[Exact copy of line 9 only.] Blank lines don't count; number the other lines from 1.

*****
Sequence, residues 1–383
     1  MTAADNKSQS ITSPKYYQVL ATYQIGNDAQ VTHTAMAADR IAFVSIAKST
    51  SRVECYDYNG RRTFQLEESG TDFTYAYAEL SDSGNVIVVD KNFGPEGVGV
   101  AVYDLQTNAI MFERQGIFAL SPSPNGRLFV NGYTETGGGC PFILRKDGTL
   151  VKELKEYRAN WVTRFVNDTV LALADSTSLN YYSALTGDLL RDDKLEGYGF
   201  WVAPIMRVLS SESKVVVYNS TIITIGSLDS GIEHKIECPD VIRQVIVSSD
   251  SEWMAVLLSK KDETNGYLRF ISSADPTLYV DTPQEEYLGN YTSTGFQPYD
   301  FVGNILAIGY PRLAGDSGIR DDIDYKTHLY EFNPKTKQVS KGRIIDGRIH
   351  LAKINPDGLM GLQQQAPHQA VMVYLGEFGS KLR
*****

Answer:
   351  LAKINPDGLM GLQQQAPHQA VMVYLGEFGS KLR